There are a plethora of super young bands being scooped up by big labels left and right lately. Remember that when weighing the merits of wunderkind types, you need to judge slowly. From Mozart to Louis Armstrong, Sinatra to Little Stevie Wonder, Tori Amos to Jason Becker, Fiona Apple, Devin Townsend an now Adele; the bristling energy of a talented prodigy can make hearts pound. Recall that except for Adele, they didn’t have to deal with trolls on current social media who have neither talent nor any nurturing it seems. Since forming ten years ago Floridians Black Tide broke out with their explosive début Light From Above (Interscope), and they blew up as fast as their riffing little fingers were moving. In the years passed they have dealt with changing times, changing members, and a back biting scene.
However, the story does not end here and the arc of Black Tide’s career does fade out yet. Founder Gabe Garcia and longtime guitar partner Austin Diaz have matured past the Trivium-esque neo-thrash of their début and the active rock of Post Mortem to make an interesting mix of all those influences and much more. Chasing Shadows (Pavement Music) sees the band come into its own and becoming comfortable with uncomfortable: adulting in this cray decade.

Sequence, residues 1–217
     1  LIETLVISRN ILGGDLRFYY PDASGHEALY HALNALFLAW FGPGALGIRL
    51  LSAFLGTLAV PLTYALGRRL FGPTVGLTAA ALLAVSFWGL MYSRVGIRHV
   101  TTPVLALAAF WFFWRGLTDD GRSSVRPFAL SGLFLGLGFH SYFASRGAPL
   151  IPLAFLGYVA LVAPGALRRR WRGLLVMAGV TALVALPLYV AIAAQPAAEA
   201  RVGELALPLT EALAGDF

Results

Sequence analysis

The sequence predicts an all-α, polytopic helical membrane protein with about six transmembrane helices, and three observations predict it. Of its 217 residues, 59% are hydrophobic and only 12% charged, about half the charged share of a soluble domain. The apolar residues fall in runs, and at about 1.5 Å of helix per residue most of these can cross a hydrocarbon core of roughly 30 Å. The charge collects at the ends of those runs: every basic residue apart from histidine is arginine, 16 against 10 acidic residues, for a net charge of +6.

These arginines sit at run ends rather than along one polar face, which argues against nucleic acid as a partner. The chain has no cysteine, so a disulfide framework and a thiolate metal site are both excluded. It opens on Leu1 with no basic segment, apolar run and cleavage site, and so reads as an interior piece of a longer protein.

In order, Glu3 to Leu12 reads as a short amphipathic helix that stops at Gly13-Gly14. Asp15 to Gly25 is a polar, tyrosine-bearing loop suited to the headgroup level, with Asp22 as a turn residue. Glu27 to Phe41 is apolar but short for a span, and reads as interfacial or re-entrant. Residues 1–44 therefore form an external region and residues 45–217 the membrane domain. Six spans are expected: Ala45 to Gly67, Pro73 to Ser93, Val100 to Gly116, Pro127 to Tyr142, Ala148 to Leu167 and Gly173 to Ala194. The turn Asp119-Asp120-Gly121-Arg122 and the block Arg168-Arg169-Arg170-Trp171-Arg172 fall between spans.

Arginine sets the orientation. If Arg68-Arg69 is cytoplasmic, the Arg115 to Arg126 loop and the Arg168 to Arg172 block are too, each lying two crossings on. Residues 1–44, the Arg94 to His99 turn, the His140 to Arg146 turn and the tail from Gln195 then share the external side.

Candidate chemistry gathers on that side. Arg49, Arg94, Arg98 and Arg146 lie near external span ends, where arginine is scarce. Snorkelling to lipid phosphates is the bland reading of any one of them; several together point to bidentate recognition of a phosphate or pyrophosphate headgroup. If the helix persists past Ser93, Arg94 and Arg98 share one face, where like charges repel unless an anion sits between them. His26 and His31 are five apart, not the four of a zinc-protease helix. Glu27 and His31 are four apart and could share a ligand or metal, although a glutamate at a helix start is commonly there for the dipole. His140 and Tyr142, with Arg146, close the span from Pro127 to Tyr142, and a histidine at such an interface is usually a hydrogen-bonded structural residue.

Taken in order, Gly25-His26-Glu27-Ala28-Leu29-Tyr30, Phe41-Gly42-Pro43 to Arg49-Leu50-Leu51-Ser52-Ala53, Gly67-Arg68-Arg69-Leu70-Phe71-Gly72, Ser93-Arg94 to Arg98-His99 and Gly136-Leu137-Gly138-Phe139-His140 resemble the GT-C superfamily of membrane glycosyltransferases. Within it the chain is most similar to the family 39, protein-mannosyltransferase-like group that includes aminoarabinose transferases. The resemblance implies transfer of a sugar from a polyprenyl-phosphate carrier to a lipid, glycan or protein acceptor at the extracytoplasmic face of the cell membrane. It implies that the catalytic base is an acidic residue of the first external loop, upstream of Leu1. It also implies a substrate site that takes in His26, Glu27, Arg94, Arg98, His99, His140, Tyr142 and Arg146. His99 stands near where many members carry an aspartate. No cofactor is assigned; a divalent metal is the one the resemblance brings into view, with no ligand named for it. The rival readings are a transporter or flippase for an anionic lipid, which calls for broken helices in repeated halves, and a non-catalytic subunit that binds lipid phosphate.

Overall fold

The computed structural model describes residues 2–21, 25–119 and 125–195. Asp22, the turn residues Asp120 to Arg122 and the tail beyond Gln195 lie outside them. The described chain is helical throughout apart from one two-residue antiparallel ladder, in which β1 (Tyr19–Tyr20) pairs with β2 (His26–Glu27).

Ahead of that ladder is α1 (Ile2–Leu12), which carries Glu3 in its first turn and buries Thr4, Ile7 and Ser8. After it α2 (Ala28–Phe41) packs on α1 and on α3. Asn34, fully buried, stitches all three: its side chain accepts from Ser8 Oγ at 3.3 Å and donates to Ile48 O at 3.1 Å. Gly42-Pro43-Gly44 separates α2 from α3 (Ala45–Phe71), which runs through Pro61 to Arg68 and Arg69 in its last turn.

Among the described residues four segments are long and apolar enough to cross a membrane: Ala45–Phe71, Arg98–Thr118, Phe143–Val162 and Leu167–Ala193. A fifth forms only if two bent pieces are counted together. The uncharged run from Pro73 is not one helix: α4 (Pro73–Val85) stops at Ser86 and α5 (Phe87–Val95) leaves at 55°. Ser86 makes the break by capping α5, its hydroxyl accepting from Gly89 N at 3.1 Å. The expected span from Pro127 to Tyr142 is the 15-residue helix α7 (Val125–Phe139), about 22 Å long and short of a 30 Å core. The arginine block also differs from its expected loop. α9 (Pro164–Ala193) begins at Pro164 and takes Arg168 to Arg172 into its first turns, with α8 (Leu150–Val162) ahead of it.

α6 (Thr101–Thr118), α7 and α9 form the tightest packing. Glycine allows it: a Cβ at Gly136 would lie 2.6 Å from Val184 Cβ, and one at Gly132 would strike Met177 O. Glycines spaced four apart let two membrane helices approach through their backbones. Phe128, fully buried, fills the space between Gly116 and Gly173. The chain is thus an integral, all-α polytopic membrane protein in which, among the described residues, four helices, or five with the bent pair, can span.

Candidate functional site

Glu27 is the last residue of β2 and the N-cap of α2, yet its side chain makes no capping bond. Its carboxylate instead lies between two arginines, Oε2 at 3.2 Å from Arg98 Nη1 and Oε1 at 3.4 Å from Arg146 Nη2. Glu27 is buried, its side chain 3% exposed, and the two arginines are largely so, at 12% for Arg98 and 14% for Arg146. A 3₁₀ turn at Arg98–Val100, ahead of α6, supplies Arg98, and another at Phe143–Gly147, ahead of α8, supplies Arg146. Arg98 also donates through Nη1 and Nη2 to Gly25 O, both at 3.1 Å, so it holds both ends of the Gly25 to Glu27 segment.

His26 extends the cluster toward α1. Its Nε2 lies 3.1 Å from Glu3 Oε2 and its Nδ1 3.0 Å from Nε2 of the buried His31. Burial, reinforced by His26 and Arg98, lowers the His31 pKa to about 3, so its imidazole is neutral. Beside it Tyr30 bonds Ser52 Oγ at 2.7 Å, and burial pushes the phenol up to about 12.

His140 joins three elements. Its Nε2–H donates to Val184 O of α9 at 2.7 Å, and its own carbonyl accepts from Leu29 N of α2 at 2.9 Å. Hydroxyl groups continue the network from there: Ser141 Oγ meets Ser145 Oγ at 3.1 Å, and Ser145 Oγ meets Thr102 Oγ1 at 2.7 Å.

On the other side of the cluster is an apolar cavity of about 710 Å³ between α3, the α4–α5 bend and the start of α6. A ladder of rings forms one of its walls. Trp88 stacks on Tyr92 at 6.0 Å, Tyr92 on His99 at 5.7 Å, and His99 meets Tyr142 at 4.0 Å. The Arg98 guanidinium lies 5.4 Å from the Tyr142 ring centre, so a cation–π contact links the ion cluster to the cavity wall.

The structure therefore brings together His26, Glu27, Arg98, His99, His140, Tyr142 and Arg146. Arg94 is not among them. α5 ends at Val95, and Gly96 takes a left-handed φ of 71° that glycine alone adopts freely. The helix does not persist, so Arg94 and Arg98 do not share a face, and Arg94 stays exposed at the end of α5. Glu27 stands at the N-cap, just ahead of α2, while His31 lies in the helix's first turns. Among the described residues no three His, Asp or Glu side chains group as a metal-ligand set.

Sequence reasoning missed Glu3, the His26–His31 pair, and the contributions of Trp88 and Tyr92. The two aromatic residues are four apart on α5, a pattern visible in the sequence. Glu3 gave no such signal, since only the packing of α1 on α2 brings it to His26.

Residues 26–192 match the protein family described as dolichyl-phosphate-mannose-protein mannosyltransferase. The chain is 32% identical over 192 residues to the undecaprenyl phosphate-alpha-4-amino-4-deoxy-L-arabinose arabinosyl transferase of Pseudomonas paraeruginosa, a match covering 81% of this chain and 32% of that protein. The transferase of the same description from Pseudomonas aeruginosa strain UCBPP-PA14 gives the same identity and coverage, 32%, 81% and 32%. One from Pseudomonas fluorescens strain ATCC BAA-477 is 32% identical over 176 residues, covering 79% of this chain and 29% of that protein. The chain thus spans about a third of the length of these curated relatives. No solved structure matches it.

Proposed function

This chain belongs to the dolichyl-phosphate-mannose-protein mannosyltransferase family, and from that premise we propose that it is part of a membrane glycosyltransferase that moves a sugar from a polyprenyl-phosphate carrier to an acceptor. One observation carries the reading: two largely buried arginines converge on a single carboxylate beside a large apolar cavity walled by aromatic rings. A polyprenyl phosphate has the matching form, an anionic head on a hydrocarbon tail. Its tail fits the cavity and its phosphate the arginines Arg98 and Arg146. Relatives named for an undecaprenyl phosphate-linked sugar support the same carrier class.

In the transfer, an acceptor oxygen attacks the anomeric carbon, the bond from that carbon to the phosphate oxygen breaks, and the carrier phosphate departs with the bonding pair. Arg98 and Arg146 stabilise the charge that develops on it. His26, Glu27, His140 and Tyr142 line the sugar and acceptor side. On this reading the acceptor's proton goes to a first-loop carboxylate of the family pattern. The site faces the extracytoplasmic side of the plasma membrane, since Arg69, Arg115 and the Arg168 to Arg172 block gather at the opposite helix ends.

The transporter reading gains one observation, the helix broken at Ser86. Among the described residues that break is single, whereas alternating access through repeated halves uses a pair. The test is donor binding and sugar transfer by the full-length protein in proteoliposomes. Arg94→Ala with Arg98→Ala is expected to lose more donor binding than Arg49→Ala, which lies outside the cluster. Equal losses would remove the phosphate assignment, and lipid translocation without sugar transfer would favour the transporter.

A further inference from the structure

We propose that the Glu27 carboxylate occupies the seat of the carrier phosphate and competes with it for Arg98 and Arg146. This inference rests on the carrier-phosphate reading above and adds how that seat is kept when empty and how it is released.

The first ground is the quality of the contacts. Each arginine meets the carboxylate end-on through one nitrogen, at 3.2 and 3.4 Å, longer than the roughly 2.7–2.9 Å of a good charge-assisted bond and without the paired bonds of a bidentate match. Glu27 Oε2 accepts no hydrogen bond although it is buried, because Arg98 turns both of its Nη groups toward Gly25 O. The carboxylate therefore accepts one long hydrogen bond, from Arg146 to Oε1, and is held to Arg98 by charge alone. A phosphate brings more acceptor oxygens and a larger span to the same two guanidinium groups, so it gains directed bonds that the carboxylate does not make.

When Chasing Shadows rocks, it blazes hot. After a dramatic classical intro ‘No Guidelines’ just rips. There is a confidence to match the talent now that has seasoned into form. Thrash, heavy metal, harmony guitar solos, great singing: all in the kitchen sink of well written songs. ‘Angel In The Dark’ has a faint hint of a pop-rock chorus, but doesn’t lose the script of a ballsy rocker. ‘Predator (Animal)’ is the best song on the album. Gabe and Austin are super talented shredders and when the band lets their inner Iron Maiden loose, you are sure to smile.
There are other worthy gems on here such as the title track, the stellar ‘Before We Form’ and the epic thrash closer ‘Promised Land’. There are some missteps too, and despite some competently performed balladry the band will always fall nearer to mid-era Avenged Sevenfold and Bullet For My Valentine than Shinedown or Seether. Nothing wrong with that at all by the way.